“Why am I angry? Who am I angry at? And what can I do to change it? […] From the monumental thought of overthrowing the system and ridding my life of capitalism, racism, sexism, classism, to the smalles nuisance of getting Marty [Pat Parker’s partner] to put the toilet paper on the spool with the sheets unfolding outward, there is simply too much for me to handle. […] Sister love, sister love, sister love. We are not talking anything simple or easy here.”

Through it all, their enduring love attests to the power and beauty of Black queer sisterhood.

In particular, Lorde is attentive to her needs in a way that feels especially present as we move our actions back indoors, burrowing into colder weather and, arguably, an even more present sense of the increasing risk of Covid as cases rise to the worst numbers we’ve seen since the start of the pandemic. And while I’m leery of easy metaphors and making each moment a teachable one — I do think there’s a resonance between this season, this time we’re living in, and the attention that must be paid to what our inner selves for our collective survival.

Parker and Lorde’s relationship is like a mapping from inside out, directing us on how to build a life based on principles, writing the narratives you need to see out in the world and also radical love, vulnerability, and community as what makes it all possible. Sister Love is a window into a bygone era of coalitional politics that’s all too easy to romanticize in such a way that obscures the incredible amount of work it took to sustain their efforts. But it was without a doubt the best kind of work, with both Lorde and Parker mentioning organizations like Gente Latina de Ambiente and bygone lesbian/feminist publications such as Amazon Quarterly and off our backs. And while economic struggles were also discussed, it’s in the spirit of sharing resources. Lorde, as the older, more established poet, regularly tried to get Parker published in a journal or scheduled to perform at an event. She would also tuck bills into her letters for Parker. They both made sure to mention and promote the other and their work whenever possible, understanding that a spirit of competitiveness would never serve their shared cause of queer freedom and prosperity. Lorde laid it out explicitly:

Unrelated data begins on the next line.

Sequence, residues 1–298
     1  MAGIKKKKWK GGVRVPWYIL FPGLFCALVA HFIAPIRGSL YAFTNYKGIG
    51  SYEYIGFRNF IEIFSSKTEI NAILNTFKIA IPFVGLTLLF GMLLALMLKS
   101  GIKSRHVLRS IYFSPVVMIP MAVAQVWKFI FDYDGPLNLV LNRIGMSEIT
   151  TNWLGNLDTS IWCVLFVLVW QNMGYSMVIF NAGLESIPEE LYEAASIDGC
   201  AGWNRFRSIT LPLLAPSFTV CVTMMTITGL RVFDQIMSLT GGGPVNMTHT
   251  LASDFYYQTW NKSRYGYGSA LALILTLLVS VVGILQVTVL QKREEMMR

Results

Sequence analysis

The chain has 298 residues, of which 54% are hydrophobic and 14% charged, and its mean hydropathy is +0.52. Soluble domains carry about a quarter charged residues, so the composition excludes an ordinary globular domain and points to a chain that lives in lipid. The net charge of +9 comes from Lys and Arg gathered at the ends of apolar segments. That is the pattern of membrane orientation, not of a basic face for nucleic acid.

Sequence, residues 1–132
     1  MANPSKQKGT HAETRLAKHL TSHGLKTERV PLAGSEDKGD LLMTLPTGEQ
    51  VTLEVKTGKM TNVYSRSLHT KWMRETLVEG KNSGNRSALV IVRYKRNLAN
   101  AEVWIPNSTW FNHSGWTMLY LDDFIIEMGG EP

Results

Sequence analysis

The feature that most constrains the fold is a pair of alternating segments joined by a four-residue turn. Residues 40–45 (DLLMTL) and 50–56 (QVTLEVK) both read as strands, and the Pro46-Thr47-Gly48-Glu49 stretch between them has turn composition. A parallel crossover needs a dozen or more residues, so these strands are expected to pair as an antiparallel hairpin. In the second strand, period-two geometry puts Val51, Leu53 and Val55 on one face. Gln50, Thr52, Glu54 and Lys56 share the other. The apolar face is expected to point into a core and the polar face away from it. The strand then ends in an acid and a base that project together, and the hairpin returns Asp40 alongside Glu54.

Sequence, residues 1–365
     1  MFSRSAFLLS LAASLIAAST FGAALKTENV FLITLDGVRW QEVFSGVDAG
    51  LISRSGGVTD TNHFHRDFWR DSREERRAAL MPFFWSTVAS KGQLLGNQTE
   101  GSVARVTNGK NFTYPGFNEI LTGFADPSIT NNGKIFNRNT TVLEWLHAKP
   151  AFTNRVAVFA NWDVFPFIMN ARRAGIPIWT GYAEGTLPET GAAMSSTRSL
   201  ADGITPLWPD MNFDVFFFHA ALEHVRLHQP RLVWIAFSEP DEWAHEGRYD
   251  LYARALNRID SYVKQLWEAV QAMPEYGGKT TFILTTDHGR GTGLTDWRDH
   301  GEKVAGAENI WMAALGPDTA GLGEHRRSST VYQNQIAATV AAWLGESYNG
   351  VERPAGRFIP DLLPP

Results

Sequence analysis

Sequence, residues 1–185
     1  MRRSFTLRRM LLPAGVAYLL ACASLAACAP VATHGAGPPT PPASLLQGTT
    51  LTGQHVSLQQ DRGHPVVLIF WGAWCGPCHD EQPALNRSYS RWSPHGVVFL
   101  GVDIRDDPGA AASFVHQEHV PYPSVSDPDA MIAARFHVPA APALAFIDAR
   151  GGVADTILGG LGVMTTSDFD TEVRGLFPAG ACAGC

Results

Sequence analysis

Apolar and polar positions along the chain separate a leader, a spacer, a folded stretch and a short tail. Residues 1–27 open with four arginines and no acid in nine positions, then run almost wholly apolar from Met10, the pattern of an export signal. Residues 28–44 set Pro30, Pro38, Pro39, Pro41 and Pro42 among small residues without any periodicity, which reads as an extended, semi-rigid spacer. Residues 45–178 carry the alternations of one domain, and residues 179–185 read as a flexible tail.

“I have always loved you, Pat, and wanted for you those things you wanted deeply for yourself. Do not think me presumptuous—from the first time I met you in 1970 I knew that included your writing. I applaud your decision [to quit her job and write full-time]. I support you with my whole heart and extend myself to you in whatever way I can make this more possible for you. I hope you know by now that I call your name whenever I can and will continue to do so.”

Their sameness and shared sense of Black, lesbian identities reflected their most intimate selves, the fiery personalities and poetry both came to be known for. Their relationship teetered with multiple combustible elements, and what I love is seeing how they address whatever tensions arise head on, making it plain how much they loved and needed the other. One of Lorde’s letters speaks to this tension and this need with beautiful clarity: